• For math, review measures of angles, classifying triangles, PEMDAS (Parentheses, Exponents, Multiplication, Division, Addition, Subtraction) or BODMAS/BIMDAS (Brackets, Orders/Indices, Division, Multiplication, Addition, Subtraction), exponents and square roots, translations, rotations, and reflections of shapes on a coordinate plane, etc. If your school teaches harder curriculum (especially if it's a private school), you can review pre-algebra and easy algebraic equations to solve (e.g. 2x + 5 = 13).
    • For language arts, review parts of speech like transitive and intransitive pronouns, diagramming sentences, passive and active voice, etc. You should also read a few poems if you're studying poetry at school. Find out the meter and tone of the poem, and what rhythm (e.g. A B A B) the poem has. You may need to do more research papers in the following years, so go online and see how to write a research paper for more information.
    • For science, review different types of plants, a plant's structure, cells, parts of a cell, kinetic and potential energy, the human body, and other concepts you may have learned in 6th grade/Year 7.
    • For history, review topics like the Industrial Revolution, the Enlightenment, the French and American revolutions, Ellis Island, and other topics you have learned about in 6th grade/Year 7.
    • For computer science, review your text coding skills. Many schools teach students Python or JavaScript since they are easier programming languages to comprehend.
  2. 2
    Review subjects that you are learning in 7th grade (Year 8). You're probably going to learn more subjects in grade 7/Year 8, so you should take around 20 minutes to review some things every day. This way, you won't need to cram everything in your head right before a test.
    • You probably have assigned homework or worksheets, which can take from 70 (1 hour 10 minutes) minutes to 115 minutes (1 hour 55 minutes) of time to complete depending on the school's curriculum. Private schools usually teach harder curriculum and hand out more homework, so you will need more time to complete it. Take time to do your homework to prevent silly mistakes or sloppy handwriting.
    • In math, review how to solve proportions, solve linear equations, find the x and y intercepts of an equation, drawing box-and-whisker plots, drawing histograms, etc. Some schools (like competitive private schools [9] ) teach algebra in 7th grade. So, practice graphing parabolas, solving quadratic equations, and solving a system of equations with two variables.
    • For language arts, focus on genres of literature, poetry, writing a research report or a persuasive essay, comparing and contrasting, and other components. [10]
      • Read books like The Diary of a Young Girl, Tuck Everlasting, Restart, Where the Red Fern Grows, The Call of the Wild, Bridge to Terabithia, and The Outsiders if you have free time. If your school is reading some of these books, review the plot, the main characters, and the theme of the novel. Make sure to read online summaries to summarize the book and to take clear notes on the characters, plot, and themes of the novel. [11]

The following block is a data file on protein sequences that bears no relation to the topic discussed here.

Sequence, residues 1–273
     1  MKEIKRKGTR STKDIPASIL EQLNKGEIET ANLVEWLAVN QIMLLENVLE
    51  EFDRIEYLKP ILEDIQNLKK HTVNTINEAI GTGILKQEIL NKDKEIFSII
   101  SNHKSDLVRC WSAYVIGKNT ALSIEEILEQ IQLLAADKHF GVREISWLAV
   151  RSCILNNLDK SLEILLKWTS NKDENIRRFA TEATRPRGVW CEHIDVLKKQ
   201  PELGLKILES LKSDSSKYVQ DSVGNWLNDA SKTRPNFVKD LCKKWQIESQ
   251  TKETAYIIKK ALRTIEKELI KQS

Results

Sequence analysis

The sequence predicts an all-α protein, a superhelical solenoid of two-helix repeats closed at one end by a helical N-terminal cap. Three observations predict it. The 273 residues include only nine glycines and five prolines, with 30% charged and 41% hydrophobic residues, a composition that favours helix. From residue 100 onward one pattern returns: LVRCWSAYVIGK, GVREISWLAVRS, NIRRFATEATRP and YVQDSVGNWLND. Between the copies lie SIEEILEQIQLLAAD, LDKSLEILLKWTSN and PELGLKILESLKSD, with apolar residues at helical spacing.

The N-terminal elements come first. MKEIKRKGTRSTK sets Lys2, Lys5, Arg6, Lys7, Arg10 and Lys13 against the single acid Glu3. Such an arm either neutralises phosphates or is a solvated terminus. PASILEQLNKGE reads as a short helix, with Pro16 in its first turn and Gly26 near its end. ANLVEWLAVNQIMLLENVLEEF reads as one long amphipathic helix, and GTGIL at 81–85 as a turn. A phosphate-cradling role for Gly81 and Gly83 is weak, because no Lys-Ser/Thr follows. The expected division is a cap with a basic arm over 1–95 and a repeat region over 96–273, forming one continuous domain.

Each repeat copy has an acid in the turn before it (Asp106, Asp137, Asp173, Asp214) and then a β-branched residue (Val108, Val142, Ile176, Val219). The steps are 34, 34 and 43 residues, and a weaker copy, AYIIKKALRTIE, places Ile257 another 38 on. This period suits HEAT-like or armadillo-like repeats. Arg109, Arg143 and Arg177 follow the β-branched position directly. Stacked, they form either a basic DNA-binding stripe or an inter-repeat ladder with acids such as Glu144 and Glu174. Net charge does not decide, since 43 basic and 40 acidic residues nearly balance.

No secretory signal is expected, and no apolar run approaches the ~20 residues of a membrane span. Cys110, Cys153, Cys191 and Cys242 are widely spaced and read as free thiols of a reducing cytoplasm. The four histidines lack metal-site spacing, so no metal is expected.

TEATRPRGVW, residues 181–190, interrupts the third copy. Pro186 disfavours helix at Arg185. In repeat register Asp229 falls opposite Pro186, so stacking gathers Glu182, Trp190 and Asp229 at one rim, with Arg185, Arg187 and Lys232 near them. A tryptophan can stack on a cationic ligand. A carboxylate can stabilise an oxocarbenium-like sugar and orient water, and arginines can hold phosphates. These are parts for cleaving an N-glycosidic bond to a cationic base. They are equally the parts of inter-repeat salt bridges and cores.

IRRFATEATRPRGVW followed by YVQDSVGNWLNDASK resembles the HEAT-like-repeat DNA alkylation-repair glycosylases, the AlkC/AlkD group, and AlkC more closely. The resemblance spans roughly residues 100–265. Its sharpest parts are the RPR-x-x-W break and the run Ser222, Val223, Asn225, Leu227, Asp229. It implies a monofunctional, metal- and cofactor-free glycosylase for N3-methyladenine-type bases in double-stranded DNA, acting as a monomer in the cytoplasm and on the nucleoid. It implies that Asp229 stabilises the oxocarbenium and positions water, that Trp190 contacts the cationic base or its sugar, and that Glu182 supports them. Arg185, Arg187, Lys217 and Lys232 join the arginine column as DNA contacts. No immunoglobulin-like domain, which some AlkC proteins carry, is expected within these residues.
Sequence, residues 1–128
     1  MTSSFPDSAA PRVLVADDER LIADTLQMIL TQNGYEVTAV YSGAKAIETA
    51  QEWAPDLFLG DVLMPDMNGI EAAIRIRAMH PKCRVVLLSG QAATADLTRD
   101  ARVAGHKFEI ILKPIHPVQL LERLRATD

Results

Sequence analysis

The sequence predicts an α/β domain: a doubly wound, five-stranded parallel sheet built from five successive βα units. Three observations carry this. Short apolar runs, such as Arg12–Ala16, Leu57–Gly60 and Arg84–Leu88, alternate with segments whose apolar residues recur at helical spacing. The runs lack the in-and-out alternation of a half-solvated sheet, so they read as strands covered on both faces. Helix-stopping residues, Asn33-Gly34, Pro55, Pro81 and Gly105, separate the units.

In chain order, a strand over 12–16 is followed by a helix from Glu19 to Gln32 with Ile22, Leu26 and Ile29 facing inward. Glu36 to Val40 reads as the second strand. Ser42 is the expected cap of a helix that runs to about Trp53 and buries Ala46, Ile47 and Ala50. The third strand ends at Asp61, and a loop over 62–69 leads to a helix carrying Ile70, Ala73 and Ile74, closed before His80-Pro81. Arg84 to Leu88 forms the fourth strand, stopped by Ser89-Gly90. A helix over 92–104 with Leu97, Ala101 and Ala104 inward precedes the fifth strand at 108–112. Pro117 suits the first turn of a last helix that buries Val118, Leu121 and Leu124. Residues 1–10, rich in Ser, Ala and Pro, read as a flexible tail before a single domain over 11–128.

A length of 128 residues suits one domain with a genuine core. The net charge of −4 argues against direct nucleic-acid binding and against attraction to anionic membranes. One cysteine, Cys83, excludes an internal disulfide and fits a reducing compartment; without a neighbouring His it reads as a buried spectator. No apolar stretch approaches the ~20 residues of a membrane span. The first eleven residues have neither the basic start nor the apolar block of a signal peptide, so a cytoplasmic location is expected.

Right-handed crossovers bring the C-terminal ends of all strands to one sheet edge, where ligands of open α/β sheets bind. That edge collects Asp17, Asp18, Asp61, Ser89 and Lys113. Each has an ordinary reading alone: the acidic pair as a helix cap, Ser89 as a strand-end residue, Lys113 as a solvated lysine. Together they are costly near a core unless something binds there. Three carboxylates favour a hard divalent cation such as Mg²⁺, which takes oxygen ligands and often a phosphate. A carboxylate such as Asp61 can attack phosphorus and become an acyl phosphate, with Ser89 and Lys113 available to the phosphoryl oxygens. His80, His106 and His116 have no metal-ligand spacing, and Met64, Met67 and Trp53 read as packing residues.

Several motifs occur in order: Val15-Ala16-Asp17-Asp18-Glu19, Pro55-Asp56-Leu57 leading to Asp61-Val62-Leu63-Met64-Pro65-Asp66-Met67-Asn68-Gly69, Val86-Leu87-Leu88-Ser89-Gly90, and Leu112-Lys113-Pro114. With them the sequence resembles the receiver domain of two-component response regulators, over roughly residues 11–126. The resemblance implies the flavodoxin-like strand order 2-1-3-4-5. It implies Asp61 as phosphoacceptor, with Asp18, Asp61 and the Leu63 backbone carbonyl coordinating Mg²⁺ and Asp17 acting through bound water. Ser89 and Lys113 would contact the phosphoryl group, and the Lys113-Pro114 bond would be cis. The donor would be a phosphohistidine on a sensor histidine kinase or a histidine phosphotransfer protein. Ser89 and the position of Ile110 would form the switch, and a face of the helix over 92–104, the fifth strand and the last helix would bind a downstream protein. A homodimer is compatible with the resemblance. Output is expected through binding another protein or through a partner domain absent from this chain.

• For science, touch up on genetics, evolution, the human body, animal classification (Kingdom, Phylum, Class, Order, Family, Genus, Species), kinetic and potential energy, elements in the periodic table, etc. [12]
    • For history, review and study the American and French revolutions, imperialism, medieval England, William the Conqueror/the founding of England, the Haitian revolution, Ancient China, or other topics you have learned about.
    • For computer science, you may want to touch up on binary code and practice coding simple text games. Use functions, print statements, if statements, and other pieces of code.
  3. 3
    Choose an elective. Middle schools/secondary schools often have a wide variety of electives for students to choose. You can choose something that you enjoy or want to learn about. It's normal for interests to jump around during middle school- there's still room for developing interests. During 8th grade and high school, however, you may want to settle down, since you'll need to decide on a career path.
    • Middle schools offer a lot of electives- some include journalism, Spanish, engineering, speech and debate, visual arts, performing arts, graphic arts, orchestra, and craft electives.
  4. 4
    Use your life skills for school. You're probably very independent by ages 12-13. You should know how to clean up your room, stay organized with assignments, study for tests, take care of your basic hygiene, and deal with conflict.
    • Deal with bullying. The bully might physically or emotionally hurt you (making fun of you, calling you mean nicknames, saying untrue things about you/gossiping). Being bullied is scary and never fun, so you'll need to report the person bullying you to a teacher.
    • Deal with negative peer pressure. Don't listen to anyone that tells you to do unethical or illegal things like bullying others, taking drugs, gambling, stealing something, vandalizing property, etc. You should tell a trusted adult about this immediately if they tell you to do illegal activities.
    • Deal with gossip. Gossiping is when someone tells untrue things about another person. This is harmful, and you should ignore people who gossip during breaks and lunch. If someone gossips about you, ignore them or tell a trusted adult at school. You shouldn't gossip about others too, since it is mean and harmful to spread untrue rumors that can harm a person's reputation.
  5. 5
    Take care of your personal hygiene. You should brush your teeth twice a day (3 times if you have braces- after breakfast, after lunch, and after dinner), wash your face once per day, comb your hair before you head to school, and bathe or shower once every day (or every other day depending on how much you sweat).